Badlands community opens doors, hearts to newcomers amid war with Russia

Annual end-of-summer gathering in Fairfield, ND on Aug. 20, to embrace Ukrainian immigrants amid Russian conflict in feast aimed at uniting first and fourth generation Ukrainians.

FAIRFIELD, ND — The Ukrainian Christian community extends an invitation to the public for a community gathering at St. Demetrius Ukrainian Catholic Church on Sunday, August 20th. This event marks the church's annual end-of-summer picnic, now expanded into a broader community affair to welcome new Ukrainian refugee immigrants who have endured the Russian invasion of their homeland. The liturgy will commence at 10 a.m. followed by food service at 11:30 a.m. This is a potluck, allowing all attendees to bring their favorite dish.

Reverend Martin Nagy, the parish priest of St. Demetrius, expresses his enthusiasm in establishing connections with the newcomers. The picnic has been a yearly tradition for the past five to six years, reviving a custom from their ancestors.
“The whole community wishes them well to help them get settled. We want them to know they have people here they can reach out to and make connections, but mostly just want to say welcome. We're here for you,” Nagy said.

He underscores their unwavering support for the victims of Putin's aggression, highlighting that their small church community raised over $100,000 to aid victims when the conflict emerged.

Deacon Leonard Kordonowy points out that due to the war many lost their homes and possessions. His lineage traces back to the first Ukrainian in his family born in the United States. His great-grandparents immigrated and established themselves in the Ukraina (Fairfield) region in the 1890s. His own education occurred in a one-room schoolhouse.

“They built the church and started that in 1906, St. Demetrius. It was the first Ukrainian church built in North Dakota… As a little boy I remember going to church with grandma and grandpa,” Kordonowy said. “When I was six years old… I didn’t know a word of English. The nuns taught me how to speak English.”

Hospitality flourishes within this cultural enclave of the Roughrider State. He elaborates on the traditional Ukrainian approach to welcoming neighbors, which was notably heartwarming.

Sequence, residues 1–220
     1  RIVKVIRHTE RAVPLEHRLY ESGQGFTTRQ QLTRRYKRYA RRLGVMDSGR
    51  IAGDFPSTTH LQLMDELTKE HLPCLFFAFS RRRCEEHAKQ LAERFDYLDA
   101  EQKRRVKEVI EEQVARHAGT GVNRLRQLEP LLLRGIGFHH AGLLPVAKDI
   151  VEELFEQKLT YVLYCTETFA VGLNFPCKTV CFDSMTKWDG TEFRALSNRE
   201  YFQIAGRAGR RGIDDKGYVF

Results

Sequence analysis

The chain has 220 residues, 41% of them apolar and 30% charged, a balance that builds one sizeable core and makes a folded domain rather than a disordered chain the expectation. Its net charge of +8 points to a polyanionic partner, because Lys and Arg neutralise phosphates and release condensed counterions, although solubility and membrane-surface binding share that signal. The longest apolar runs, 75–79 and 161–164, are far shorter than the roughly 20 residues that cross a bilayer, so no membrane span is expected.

“I remember how you used to greet people years and years ago. I was probably eight, nine years old. When he seen ya comin, and you can’t do this today, but he had a bottle of whiskey and a shot glass. That was welcoming,” he said. “After that the bottle was put away. But you know, we tried to show hospitality and welcome by doing all those extra things.”

At 86 years old, Kordonowy is a father to five, a grandfather to fifteen, and a great-grandfather to fifteen more. He is dedicated to ensuring that this new wave of Ukrainian immigrants experiences the same heartfelt reception his family received over a century ago.

“We’ve got to build strong friendships and welcome them. We don’t want them to feel desolate or out of place,” he said. “The sincerity and love of God, the love of people — this is what we really are. We try to invite and welcome everybody… We try to be friendly and truthful in whatever we do. Our life is what we are, no more and no less.”

Faith holds profound significance for Kordonowy, a deacon at St. Demetrius who is now predominantly retired from that role. Deacon Tony Holt , ordained a few months ago, has assumed his responsibilities.

Kordonowy recalls that life in the Badlands was challenging, noting that indoor plumbing only arrived in the 1960s. He emphasizes that a substantial part of our societal advancement is achievable due to fossil fuels and the diligent men who extract them. These resources have proven indispensable in his roles as a farmer and rancher.

“These people trying to fight our coal mines, energy, oil companies and all that… They don't realize that half of the stuff that they use every day is made out of petroleum, like your plastics and all of that stuff,” he said. “I get scared when these people start talking because, hey, we have cheap electricity, cheap utility bills, all of that because of what our people are doing with petroleum.”

Contributions from other organizations, such as the Ukrainian Orthodox Church and CATCH (Communities Acting Together for Hope and Change), enhance the collaborative efforts for this event.

By Jason R. O'Day



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